Darrow Miller and Friends

Why Do They Hate Us?

Anymore, it’s news when Iranian President Mahmoud Ahmadinejad speaks in public without pledging to destroy the West. In May, at a nuclear Non-Proliferation Treaty gathering he made clear reference to the United States in calling for the punishment of any threat to use nuclear weapons or attack against peaceful nuclear facilities. (“Peaceful,” of course, describes his intentions.)

Americans ask Why do they hate us? But Islamists have never been shy about the sharp conflict of visions and ideals at stake. The failure of America’s leaders to understand this clash of worldviews exacerbates the danger.

Many Muslims consider the West devoid of moral standards. Who can blame them for that given the stream of materialism and decadence pouring out of our movies, television and internet content? Recently, demonstrators in one Muslim country displayed internet pornography with the caption, “This is the kind of freedom the West offers.”

Most Western media and governing elites, on the other hand, are influenced by cultural relativism, and as such, are tone deaf to the pronouncements of Jihadists. They blame poverty and injustice as the source of Muslim rage.  But Islamists don’t seethe against poverty and injustice. Dr. Mary Habeck, Associate Professor of Strategic Studies at Johns Hopkins University has written:

To see why jidhadis declared war on the United States and tried to kill as many Americans as possible, we must be willing to listen to their own explanations. To do otherwise is to impose a Western interpretation on the extremists, in effect to listen to ourselves rather than to them.[1]

We have witnessed this hearing impairment repeatedly in the Obama administration. The February 2010 Department of Homeland Security’s Quadrennial Report “failed to make any reference to the Islamist nature of the threat.” Contrast this with the following quote from former Iranian religious leader Ayatollah Khomeini: “Until the cry ‘Allah Akbar’ resounds over the whole world, there will be struggle. There will be Jihad … Islam will be victorious in all the countries of the world, and Islam and the teachings of the Quran will prevail all over the world.”[2]

U.S. Army Major Nidal Malik Hasan cried “Allahu Akbar” as he wounded 31 and murdered 14 people at Fort Hood. Secretary of Homeland Security Janet Napolitano later stated: “This was an individual who does not, obviously, represent the Muslim faith.” You can pretend the prince has clothes on, but he’s still naked.

Perhaps more to the point for readers of this blog, where are the followers of Christ in this conflict? The church is called to stand as a counter-cultural force against the decadent secularism of the West, and as a life-celebrating force against Jihadists with their culture of death.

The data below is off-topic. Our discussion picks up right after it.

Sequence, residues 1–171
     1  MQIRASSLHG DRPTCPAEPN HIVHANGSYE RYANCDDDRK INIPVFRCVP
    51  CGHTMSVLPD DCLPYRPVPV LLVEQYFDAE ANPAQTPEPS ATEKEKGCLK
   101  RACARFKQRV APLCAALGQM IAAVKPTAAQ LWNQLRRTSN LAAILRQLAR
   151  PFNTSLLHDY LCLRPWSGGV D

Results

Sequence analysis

A war is raging for the heart and soul of nations, a war of ideas, ideals and culture. Christians need to engage with a better set of ideals, kingdom concepts both articulated and lived out in the world.

– Darrow L. Miller with Gary Brumbelow

[1] Dr. Mary Habeck, Knowing the Enemy: Jihadist Ideology and the War on Terror(New Haven: Yale University Press, 2007), 7.

[2]Ayatollah Khomeini quoted in The Blood of the Moon, Understanding the Historic Struggle Between Islam and the West, by George Grant, (Nashville: Thomas Nelson, 2001), 127

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Darrow is co-founder of the Disciple Nations Alliance and a featured author and teacher. For over 30 years, Darrow has been a popular conference speaker on topics that include Christianity and culture, apologetics, worldview, poverty, and the dignity of women. From 1981 to 2007 Darrow served with Food for the Hungry International (now FH association), and from 1994 as Vice President. Before joining FH, Darrow spent three years on staff at L’Abri Fellowship in Switzerland where he was discipled by Francis Schaeffer. He also served as a student pastor at Northern Arizona University and two years as a pastor of Sherman Street Fellowship in urban Denver, CO. In addition to earning his Master’s degree in Adult Education from Arizona State University, Darrow pursued graduate studies in philosophy, theology, Christian apologetics, biblical studies, and missions in the United States, Israel, and Switzerland. Darrow has authored numerous studies, articles, Bible studies and books, including Discipling Nations: The Power of Truth to Transform Culture (YWAM Publishing, 1998), Nurturing the Nations: Reclaiming the Dignity of Women for Building Healthy Cultures (InterVarsity Press, 2008), LifeWork: A Biblical Theology for What You Do Every Day (YWAM, 2009), Rethinking Social Justice: Restoring Biblical Compassion (YWAM, 2015), and more. These resources along with links to free e-books, podcasts, online training programs and more can be found at Disciple Nations Alliance (https://disciplenations.org).